order to accomplish something. " experience with
At least two meetings were
Wright was unable for comment I feel his presence will give a
held during the week in an eftremendous boost to federal legfort to solve the problems. One this week. Most Letcher County
islation to place a total ban on
educators are attending a Ken"
was a meeting held at the Bap).
tucky Education Association meettist Church In the Tom Biggs
ing in Louisville during this vasection of McRobera on last
The offor t to ban stripping may
Wednesday night; the other was cation week.
have received a major gain with
Mrs. Ellis, whose daughter
a session called
the release last Sa turday of a
has been refused admittance to
School Superintendent Henry
U. S. Geological Survey Report
Jenkins schools for almost two
on an 11- - year field study of
Reports from the first meeting years now (school authorities
ecological developments In a
claim that despite numerous efIndicate that little was accom25- - square- - mile creek basin
forts, they have been unable to
plished other than an airing
in a stripped area of McCreary
resolve her" chronic discipline
of grievance. Some of the boyCounty.
problems"! issued a statement
cott leaden complained that
The report concludes that ever,
in which she emphasized the
although It was run by other
the relatively minor stripping
ln- black parents, some blacks,
(Continued on Page 10)
done along the creek between
63 No. 49
1955 and 1960 killed or reduced
fish In streams by filling them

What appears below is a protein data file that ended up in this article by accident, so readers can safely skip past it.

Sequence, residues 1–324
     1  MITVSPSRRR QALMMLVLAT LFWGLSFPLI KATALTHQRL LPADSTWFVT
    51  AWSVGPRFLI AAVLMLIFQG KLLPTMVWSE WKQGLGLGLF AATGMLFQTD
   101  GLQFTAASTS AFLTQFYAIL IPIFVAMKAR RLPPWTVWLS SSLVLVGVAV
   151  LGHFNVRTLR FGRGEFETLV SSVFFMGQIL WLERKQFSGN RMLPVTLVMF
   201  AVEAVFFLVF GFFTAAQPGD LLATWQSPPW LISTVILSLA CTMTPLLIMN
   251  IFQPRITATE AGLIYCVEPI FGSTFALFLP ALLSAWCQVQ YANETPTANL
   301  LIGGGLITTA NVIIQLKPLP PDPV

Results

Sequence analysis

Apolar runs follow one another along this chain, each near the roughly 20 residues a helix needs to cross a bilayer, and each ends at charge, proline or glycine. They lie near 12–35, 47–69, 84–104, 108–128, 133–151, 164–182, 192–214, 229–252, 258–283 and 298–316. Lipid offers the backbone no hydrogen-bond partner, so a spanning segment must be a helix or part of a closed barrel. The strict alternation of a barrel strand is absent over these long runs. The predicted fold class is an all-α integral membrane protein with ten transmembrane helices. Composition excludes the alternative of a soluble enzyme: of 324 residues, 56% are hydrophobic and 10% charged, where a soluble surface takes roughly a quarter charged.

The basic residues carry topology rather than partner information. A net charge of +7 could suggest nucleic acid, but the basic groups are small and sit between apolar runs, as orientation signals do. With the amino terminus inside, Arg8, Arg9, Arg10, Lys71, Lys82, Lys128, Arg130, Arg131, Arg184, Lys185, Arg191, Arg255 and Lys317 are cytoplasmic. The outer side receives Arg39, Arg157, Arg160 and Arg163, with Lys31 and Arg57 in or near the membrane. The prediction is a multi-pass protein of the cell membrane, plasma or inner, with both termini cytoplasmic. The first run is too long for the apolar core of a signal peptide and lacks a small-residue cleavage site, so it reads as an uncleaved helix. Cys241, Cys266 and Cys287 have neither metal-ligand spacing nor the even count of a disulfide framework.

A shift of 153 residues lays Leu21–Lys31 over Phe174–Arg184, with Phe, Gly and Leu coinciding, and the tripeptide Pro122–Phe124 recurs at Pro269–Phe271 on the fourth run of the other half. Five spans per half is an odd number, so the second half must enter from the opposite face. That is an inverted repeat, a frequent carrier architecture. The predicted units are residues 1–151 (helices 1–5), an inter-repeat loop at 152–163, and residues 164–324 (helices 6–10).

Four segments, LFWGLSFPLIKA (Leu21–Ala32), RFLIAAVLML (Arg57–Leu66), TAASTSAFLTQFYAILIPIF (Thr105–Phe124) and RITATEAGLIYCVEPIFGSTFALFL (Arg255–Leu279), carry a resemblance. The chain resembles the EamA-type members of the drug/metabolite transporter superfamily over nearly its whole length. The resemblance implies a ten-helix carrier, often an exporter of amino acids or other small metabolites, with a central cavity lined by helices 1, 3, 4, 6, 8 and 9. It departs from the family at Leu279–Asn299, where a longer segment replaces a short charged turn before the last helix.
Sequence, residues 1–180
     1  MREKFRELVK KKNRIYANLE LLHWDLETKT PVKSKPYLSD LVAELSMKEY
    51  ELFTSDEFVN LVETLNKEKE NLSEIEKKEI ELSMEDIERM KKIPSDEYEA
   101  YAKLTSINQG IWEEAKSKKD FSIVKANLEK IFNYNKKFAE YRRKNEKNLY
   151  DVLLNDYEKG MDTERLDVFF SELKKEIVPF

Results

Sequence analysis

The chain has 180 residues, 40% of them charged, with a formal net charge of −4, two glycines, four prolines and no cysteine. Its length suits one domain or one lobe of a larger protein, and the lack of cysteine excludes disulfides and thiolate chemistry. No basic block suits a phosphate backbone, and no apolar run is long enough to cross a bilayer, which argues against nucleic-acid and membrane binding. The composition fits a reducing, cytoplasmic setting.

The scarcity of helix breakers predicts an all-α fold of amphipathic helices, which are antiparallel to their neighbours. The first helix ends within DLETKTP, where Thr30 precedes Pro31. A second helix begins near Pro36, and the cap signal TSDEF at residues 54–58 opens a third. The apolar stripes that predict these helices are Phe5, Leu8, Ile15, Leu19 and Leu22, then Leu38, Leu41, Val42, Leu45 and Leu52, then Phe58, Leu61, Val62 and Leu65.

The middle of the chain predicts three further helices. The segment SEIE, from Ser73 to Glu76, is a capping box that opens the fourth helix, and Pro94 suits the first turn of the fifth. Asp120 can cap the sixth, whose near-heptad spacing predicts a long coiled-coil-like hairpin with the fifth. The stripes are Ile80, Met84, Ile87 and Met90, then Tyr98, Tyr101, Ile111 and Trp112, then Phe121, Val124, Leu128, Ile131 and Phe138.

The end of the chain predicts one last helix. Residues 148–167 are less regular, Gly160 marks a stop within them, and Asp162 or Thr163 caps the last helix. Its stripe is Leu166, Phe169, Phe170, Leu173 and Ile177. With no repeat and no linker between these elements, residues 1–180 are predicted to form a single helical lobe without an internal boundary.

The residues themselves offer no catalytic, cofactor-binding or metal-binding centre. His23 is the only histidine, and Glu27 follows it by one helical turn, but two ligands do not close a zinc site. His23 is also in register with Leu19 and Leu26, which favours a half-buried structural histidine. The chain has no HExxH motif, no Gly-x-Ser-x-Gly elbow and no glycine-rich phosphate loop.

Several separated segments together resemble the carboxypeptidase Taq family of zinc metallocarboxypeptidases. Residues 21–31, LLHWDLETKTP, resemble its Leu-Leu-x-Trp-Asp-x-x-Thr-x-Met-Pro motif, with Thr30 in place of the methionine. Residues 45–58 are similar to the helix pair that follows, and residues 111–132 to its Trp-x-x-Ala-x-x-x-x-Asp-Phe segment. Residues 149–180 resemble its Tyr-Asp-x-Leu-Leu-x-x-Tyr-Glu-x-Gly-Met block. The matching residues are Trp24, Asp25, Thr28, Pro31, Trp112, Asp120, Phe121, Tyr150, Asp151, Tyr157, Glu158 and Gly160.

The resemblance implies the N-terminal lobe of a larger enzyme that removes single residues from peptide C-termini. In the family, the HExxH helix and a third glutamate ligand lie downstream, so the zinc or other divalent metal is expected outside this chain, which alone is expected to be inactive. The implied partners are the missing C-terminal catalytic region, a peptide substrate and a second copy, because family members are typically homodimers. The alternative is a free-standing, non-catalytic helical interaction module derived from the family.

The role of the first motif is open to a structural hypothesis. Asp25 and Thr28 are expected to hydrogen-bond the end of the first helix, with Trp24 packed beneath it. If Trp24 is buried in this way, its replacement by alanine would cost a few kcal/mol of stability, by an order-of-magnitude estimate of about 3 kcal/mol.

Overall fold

with acid and mineral poisons.
Also, hundreds of thousands
of slit and broken trees
clogged the water.
The report also predicted that
there is little hope for Improvement. "The killing of aquatic
vegetation has resulted in an
unstable stream substrate.
life will not return to
those streams until the stream
habitat has been restored ,"
"We don't ever come right
out and say it directly, one
of the report's three editors
said, "but this Is a study of a
disaster. If you care anything
about fish or wildlife or esthetic values and you read between
the lines, John J. Musser continued, "this studv does sav
it's a disaster. "
The Geological Survey's study
is significant in that it is believed to be the first independent, scholarly analysis of a
confined area and Its strip-minis
It tends to support most of the
and also tends to refute the
coal Industry's claim that land
reclaimed by the Industry Is
"better" than It was before
for local offices
in May Primary
A total of 25 candidates for
local offices will appear on
the May 25th primary ballot
in Letcher county, in addition
to candidates for the governorship and other state offices.
City races in Jenkins have
attracted the most candidates,
with 12 candidates for city
councilman, and two for mayor.
The race for county sheriff,
to fill the vacancy caused by
the death of R. C. Warf, has
attracted five candidates,
while four are running for
magistrate, and one for county
A formal drawing for position
on the ballot was held in the
office of County Court Clerk
Charlie Wright Tuesday.
Candidates, and their posit
ion on the ballot, are:
Jenkins City Councilman,
Democrat Ed Powers, James
Osley, Dale Walker, Carl
Johnson, Ray Banks, Buddy
Anderson, Robert Harris,
Wayne . Fleming. Charles
R. Johnson and Herman Bel-
Jenkins City Council, Republicans, JohnC. Butler and Paul
Mayor of Jenkins, Democrats:
William H. Toth. Jim Re vis
and W L. (Bill) Terr ill. Republican, none.
County attorney - Republican,
Leroy W. Fields. Democrat,
Magistrate, Democrat, Add
(Continued on Page 10)